Agreements are entered into for a variety of reasons. At a minimum, most agreements record the rights and obligations of each party. After that, how detailed an agreement is depends on what the parties decide is necessary.
Many types of contracts are based on an action which dictates the start and end of the agreement. For example, some sales contracts begin when an item is received and ends when the item is paid for. In this type of contract there is no need to state a start and end date or time. The contract cannot start until the buyer chooses an item to purchase. If the buyer never chooses, then the contract never begins. Many contracts have their own built in timeframes due to the nature of contracts, but sometimes it is not clear. Specific timeframes are not required to make a valid contract, but it could cause confusion later on.
Take for example, the New York case of Gelman v. Buehler . In this case Geoffrey Gelman (Gelman) and Antonio Buehler (Buehler) were recent business school graduates who decided to form a partnership. Their plan was to acquire $600,000 from investors with the purpose of creating a search fund with that money. The search fund would then be used to research and find a business with growth potential. They then planned to reach out for more investor funding once they decided on a type of business. The partners pursued prospective investors for several months. Buehler withdrew from the venture after Gelman refused his demand for majority ownership of the partnership.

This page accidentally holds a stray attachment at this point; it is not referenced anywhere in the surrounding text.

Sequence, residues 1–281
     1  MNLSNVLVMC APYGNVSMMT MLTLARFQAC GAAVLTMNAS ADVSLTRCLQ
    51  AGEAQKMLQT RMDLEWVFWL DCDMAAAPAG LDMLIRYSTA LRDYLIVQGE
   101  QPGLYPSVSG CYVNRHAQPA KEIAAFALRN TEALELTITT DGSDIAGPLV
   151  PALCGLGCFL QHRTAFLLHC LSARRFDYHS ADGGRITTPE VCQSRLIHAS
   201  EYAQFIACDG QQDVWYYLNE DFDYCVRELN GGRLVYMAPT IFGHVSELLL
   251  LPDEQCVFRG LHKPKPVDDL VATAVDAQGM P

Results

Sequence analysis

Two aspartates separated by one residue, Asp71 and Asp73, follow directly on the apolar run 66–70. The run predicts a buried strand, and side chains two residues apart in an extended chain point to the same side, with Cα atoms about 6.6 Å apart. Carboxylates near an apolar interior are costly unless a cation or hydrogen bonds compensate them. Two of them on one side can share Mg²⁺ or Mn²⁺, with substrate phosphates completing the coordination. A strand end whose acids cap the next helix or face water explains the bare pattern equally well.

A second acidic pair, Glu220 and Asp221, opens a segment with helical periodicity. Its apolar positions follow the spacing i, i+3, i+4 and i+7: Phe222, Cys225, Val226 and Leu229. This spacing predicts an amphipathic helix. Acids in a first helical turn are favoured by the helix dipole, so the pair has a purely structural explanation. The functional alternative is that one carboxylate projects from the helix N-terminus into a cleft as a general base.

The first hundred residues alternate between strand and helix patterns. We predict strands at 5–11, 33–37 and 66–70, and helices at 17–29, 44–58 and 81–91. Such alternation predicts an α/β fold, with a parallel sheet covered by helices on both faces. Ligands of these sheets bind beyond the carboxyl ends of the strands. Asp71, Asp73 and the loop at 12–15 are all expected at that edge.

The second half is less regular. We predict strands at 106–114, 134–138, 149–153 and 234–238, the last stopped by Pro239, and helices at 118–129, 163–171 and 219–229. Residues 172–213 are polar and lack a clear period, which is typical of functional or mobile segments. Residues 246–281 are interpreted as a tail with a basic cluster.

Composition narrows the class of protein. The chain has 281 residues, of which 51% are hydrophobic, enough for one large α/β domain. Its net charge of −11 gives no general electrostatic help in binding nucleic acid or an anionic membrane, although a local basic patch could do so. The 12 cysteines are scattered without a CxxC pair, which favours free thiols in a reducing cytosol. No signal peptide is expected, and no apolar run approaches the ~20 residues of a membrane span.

Gelman sued Buehler for breach of contract due to his withdrawal. Under Partnership Law § 62 (1) (b) a partnership formed by oral agreement may be dissolved unilaterally if "no definite term or particular undertaking is specified" in the underlying agreement. Whether or not Buehler breached the contract depended on whether or not their agreement had a definite term or particular undertaking. In deciding whether the agreement had a defined term or was for a particular undertaking, it looked to the meanings of the phrases and what other courts had done in similar cases. The court found that the phrase “definite term” referred to the time frame of the agreement. The agreement had an indefinite time frame, with the idea that it would take however long it would take. Since it did not have a specific or reasonable certain termination date, the court found that the agreement had no definite term. The court found that a "particular undertaking" has been defined to require a specific objective or project that may be accomplished at some future time. The court found that nothing in Gelman’s complaint was precise enough for “particular undertaking” to apply. Therefore the court found that Buehler did not breach the contract, because he was allowed to end it at anytime under Partnership Law.
It is not easy taking into account every possible scenario when crafting a contract. But, working with an experienced litigation attorney can help. The level of detail needed in a contract depends on many factors and a attorney can help you decide what is necessary to include so you can protect yourself and your assets later. If you have a contract or business related issue please contact our office.